I am trying to understand data leakage in modeling practice.

If we had a dataset of patient instances from 2000-2018 (with all patient visits included), and used a randomly selected train-test split (say 80%/20%), would that lead to data leakage?

To me, the answer seems to be yes, because a patient could very well have their 2018 visit be included in the 80% train set and their 2011 visit be included in the 20% validation set.

Doesn't this imply that using k-fold cross-validation leads to data leakage? Reason being that the folds internal to the CV process could very well have jumbled up the years.

Edit for clarity: this data is not explicitly a time series dataset. It's patient visit data. These visits, viewed closely, have some temporal properties (such as having several visits in different years for the same patient), but it would be inaccurate to say "this is a time series dataset".

  • $\begingroup$ What you write seems correct to me, although "data leakage" is not a term I'm very familiar with. I'd say do your cross-validation so that you can't have the same patient in test and training data. $\endgroup$ Sep 23, 2020 at 23:05
  • $\begingroup$ That makes sense -- the Wiki for "leakage" is also a little underwhelming (en.wikipedia.org/wiki/Leakage_(machine_learning)). I'll keep in mind trying to keep separation between different patients for train and validation sets. $\endgroup$ Sep 23, 2020 at 23:09
  • $\begingroup$ If you have time dependent data, you must take it into account when sampling. Have a look at h(v)-block CV or walk forward CV for example. $\endgroup$ Sep 23, 2020 at 23:10
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    $\begingroup$ @Adrian here's the tricky part: In production, the model will sometimes see new (never before seen) patients, but it's also the case that many patients experience multiple visits and so the model will also see patients that it has seen before. Given that goal, it may make sense to make sure that the train & test sets are stratified by (e.g.) year of visit rather than by patient? $\endgroup$ Sep 24, 2020 at 12:25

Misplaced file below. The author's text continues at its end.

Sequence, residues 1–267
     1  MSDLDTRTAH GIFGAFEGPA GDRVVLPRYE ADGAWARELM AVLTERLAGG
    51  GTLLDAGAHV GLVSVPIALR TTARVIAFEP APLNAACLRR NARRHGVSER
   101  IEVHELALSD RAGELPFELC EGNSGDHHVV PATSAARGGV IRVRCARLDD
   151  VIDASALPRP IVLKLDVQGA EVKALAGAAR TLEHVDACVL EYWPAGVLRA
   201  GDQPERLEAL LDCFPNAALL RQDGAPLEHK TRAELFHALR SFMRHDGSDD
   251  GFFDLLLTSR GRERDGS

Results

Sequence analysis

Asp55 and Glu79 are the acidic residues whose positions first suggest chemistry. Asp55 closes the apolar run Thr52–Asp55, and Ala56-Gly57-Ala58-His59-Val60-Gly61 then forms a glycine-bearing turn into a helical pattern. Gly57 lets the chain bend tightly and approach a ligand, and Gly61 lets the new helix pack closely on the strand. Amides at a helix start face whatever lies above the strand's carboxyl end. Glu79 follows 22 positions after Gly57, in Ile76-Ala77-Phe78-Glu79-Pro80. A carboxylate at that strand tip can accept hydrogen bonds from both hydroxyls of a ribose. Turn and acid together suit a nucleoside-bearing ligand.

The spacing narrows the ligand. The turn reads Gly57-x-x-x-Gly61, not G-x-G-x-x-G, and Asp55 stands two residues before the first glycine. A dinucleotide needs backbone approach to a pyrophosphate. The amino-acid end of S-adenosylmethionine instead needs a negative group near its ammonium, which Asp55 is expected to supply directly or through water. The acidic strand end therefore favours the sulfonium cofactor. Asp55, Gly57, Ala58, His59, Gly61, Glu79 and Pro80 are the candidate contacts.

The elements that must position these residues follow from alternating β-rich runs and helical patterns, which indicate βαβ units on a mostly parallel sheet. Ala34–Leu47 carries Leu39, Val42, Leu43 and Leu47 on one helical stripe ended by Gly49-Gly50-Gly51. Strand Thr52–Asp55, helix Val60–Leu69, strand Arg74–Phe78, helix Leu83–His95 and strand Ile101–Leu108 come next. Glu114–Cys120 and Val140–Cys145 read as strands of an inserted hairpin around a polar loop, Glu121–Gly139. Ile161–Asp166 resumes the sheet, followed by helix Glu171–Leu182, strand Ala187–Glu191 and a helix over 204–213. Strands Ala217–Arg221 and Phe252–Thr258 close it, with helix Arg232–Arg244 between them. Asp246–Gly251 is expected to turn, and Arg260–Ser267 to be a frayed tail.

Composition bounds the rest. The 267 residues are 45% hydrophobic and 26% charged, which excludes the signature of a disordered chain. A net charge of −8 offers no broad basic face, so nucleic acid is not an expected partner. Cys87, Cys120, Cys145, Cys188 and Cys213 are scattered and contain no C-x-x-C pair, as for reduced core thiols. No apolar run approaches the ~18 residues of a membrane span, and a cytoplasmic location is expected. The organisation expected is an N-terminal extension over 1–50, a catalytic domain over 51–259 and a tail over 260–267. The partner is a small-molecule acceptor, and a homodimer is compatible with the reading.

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    $\begingroup$ @AmeySMahajan interesting: in that case, you may want to construct two separate test sets: one containing never-before-seen users (i.e. users not ever seen in the training set), and another containing later visits from users whose earlier (past) visits do appear in the training set. You could compute your model accuracy / loss / whatever metrics you are interested on both test groups, and see how you perform in both cases. $\endgroup$
    – Adrian
    Sep 25, 2020 at 1:09

1 Answer 1


Yes, random train-test splits can lead to data leakage, and if traditional k-fold and leave-one-out CV are the default procedures being followed, data leakage will happen. Leakage is the major reason why traditional CV is not appropriate for time series. Using these cross-validators when you shouldn't will inflate performance metrics since they allow the training model to cheat because observations "from the future" (posterior samples) leak into the training set.

Since time series data is time ordered, we want to keep intact the fact that we must use past observations to predict future observations. The randomization in the standard cross-validation algorithm does not preserve the time ordering, and we end up making predictions for some samples using a model trained on posterior samples. While this is not immediately a huge problem for some applications, it becomes a critical one if the time series data is often strongly correlated along the time axis. The randomization of traditional CV will make it likely that for each sample in the validation set, numerous strongly correlated samples exist in the train set. This defeats the very purpose of having a validation set: the model essentially “knows” about the validation set already, leading to inflated performance metrics on the validation set in case of overfitting.